This section describes two methods for checking the primality of an
integer $n$, one with order of growth
$\Theta(\sqrt{n})$, and a
probabilistic algorithm with order of growth
$\Theta(\log n)$. The exercises at the end of
this section suggest programming projects based on these algorithms.
Searching for divisors
Since ancient times, mathematicians have been fascinated by problems
concerning prime numbers, and many people have worked on the problem
of determining ways to test if numbers are prime. One way
to test if a number is prime is to find the number's divisors. The
following program finds the smallest integral divisor (greater than 1)
of a given number $n$. It does this in a
straightforward way, by testing $n$ for
divisibility by successive integers starting with 2.
Original
JavaScript
(define (smallest-divisor n)
(find-divisor n 2))
(define (find-divisor n test-divisor)
(cond ((> (square test-divisor) n) n)
((divides? test-divisor n) test-divisor)
(else (find-divisor n (+ test-divisor 1)))))
(define (divides? a b)
(= (remainder b a) 0))
function smallest_divisor(n) {
return find_divisor(n, 2);
}
function find_divisor(n, test_divisor) {
return square(test_divisor) > n
? n
: divides(test_divisor, n)
? test_divisor
: find_divisor(n, test_divisor + 1);
}
function divides(a, b) {
return b % a === 0;
}
We can test whether a number is prime as follows:
$n$ is prime if and only if
$n$ is its own smallest divisor.
Original
JavaScript
(define (prime? n)
(= n (smallest-divisor n)))
function is_prime(n) {
return n === smallest_divisor(n);
}
The end test for
find-divisorfind_divisor
is based on the fact that if $n$ is not prime it
must have a divisor less than or equal to
$\sqrt{n}$.[1]
This means that the algorithm need only test divisors between 1 and
$\sqrt{n}$. Consequently, the number of steps
required to identify $n$ as prime will have order
of growth $\Theta(\sqrt{n})$.
The Fermat test
The $\Theta(\log n)$ primality test is based on
a result from number theory known as
Fermat's Little
Theorem.[2]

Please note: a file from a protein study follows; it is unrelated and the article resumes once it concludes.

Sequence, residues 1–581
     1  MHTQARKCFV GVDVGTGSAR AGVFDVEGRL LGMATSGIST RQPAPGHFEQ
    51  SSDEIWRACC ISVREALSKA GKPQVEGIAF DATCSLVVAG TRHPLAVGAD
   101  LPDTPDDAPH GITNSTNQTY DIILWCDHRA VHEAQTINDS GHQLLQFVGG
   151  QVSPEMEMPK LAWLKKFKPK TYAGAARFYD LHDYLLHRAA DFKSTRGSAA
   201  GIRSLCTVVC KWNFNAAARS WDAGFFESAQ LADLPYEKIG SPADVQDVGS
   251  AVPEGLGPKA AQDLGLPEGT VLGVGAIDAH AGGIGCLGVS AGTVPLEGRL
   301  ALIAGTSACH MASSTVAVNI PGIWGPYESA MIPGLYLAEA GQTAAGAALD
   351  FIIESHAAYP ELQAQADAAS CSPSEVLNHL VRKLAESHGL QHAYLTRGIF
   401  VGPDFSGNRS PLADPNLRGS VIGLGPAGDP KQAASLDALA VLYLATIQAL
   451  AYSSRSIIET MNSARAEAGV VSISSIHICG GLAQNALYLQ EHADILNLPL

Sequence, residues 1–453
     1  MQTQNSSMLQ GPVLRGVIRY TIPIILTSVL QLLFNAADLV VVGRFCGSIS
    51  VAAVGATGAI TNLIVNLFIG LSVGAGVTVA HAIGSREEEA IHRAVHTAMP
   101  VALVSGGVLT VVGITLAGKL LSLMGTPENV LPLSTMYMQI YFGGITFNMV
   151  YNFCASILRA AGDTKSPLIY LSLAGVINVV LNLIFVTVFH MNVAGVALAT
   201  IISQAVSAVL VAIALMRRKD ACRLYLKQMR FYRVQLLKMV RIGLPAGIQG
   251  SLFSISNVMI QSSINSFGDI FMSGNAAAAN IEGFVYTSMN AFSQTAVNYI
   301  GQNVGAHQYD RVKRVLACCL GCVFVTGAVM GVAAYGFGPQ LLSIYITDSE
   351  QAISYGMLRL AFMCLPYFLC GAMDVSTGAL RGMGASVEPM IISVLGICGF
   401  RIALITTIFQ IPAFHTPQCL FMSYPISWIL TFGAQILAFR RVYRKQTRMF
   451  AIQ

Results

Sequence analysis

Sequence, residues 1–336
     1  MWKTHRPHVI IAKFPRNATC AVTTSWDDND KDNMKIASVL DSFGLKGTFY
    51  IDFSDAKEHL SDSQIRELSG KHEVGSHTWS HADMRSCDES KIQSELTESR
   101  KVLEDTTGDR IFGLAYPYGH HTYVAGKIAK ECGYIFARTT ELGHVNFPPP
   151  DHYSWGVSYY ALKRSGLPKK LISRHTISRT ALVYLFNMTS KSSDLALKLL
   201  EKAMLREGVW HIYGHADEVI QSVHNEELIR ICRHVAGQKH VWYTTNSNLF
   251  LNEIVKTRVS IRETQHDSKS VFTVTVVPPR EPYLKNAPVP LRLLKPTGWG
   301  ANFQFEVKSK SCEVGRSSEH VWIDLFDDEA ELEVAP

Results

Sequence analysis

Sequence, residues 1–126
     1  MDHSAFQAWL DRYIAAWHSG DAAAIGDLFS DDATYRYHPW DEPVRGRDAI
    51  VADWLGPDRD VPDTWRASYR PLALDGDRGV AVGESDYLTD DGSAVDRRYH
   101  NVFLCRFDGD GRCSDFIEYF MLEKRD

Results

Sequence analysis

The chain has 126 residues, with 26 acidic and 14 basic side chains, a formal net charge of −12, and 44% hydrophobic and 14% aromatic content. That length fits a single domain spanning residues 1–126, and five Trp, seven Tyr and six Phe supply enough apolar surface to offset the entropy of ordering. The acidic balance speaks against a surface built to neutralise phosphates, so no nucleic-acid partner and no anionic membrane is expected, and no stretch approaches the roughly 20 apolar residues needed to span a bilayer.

Fermat's Little Theorem:
If $n$ is a prime number and
$a$ is any positive integer less than
$n$, then $a$ raised
to the $n$th power is congruent to
$a$ modulo $n$.
(Two numbers are said to be
congruent modulo
$n$ if they both have the same remainder when
divided by $n$. The remainder of a number
$a$ when divided by
$n$ is also referred to as the
remainder of $a$ modulo
$n$, or simply as $a$
modulo $n$.)
If $n$ is not prime, then, in general, most of
the numbers $a < n$ will not satisfy the above
relation. This leads to the following algorithm for testing primality:
Given a number $n$, pick a
random number $a < n$ and compute the
remainder of $a^n$ modulo
$n$. If the result is not equal to
$a$, then $n$ is
certainly not prime. If it is $a$, then chances
are good that $n$ is prime. Now pick another
random number $a$ and test it with the same
method. If it also satisfies the equation, then we can be even more
confident that $n$ is prime. By trying more and
more values of $a$, we can increase our
confidence in the result. This algorithm is known as the Fermat test.
To implement the Fermat test, we need a
procedurefunction
that computes the
exponential of a number modulo another number:
Original
JavaScript
(define (expmod base exp m)
(cond ((= exp 0) 1)
((even? exp)
(remainder
(square (expmod base (/ exp 2) m))
m))
(else
(remainder
(* base (expmod base (- exp 1) m))
m))))
function expmod(base, exp, m) {
return exp === 0
? 1
: is_even(exp)
? square(expmod(base, exp / 2, m)) % m
: (base * expmod(base, exp - 1, m)) % m;
}
This is very similar to the
fast-exptfast_exptprocedurefunction
of section 1.2.4. It uses successive
squaring, so that the number of steps grows logarithmically with the
exponent.[3]
The Fermat test is performed by choosing at random a number
$a$ between 1 and
$n-1$ inclusive and checking whether the remainder
modulo $n$ of the
$n$th power of $a$ is
equal to $a$. The random number
$a$ is chosen using the
procedure
random,
primitive function
math_random,
which we assume is included as a primitive in Scheme.Random
returns a nonnegative integer less than its integer input. Hence, to obtain
a random number between 1 and $n-1$, we call
random with an input of
$n-1$ and add 1 to the result:
which returns a nonnegative number less than 1. Hence, to obtain
a random number between 1 and $n-1$, we multiply
the return value of math_random by
$n-1$, round down the result with the
primitive function
math_floor,
and add 1:
Original
JavaScript
(define (fermat-test n)
(define (try-it a)
(= (expmod a n n) a))
(try-it (+ 1 (random (- n 1)))))
function fermat_test(n) {
function try_it(a) {
return expmod(a, n, n) === a;
}
return try_it(1 + math_floor(math_random() * (n - 1)));
}
The following
procedurefunction
runs the test a given number of times, as specified by a parameter. Its
value is true if the test succeeds every time, and false otherwise.
Original
JavaScript
(define (fast-prime? n times)
(cond ((= times 0) true)
((fermat-test n)
(fast-prime? n (- times 1)))
(else false)))
function fast_is_prime(n, times) {
return times === 0
? true
: fermat_test(n)
? fast_is_prime(n, times - 1)
: false;
}
Probabilistic methods
The Fermat test differs in character from most familiar algorithms, in which
one computes an answer that is guaranteed to be correct. Here, the answer